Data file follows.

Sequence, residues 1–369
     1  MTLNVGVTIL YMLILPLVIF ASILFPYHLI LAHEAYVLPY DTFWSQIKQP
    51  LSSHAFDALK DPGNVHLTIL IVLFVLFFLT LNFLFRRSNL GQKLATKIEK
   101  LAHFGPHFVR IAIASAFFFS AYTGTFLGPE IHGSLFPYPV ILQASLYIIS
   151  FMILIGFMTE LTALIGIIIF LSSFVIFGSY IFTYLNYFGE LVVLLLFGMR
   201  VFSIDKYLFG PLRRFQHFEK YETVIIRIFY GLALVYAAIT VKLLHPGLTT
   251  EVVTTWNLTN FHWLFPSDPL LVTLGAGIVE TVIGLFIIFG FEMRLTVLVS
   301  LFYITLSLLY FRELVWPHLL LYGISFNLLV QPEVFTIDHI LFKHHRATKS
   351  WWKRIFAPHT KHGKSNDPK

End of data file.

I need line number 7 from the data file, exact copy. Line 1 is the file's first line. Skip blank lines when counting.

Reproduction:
   251  EVVTTWNLTN FHWLFPSDPL LVTLGAGIVE TVIGLFIIFG FEMRLTVLVS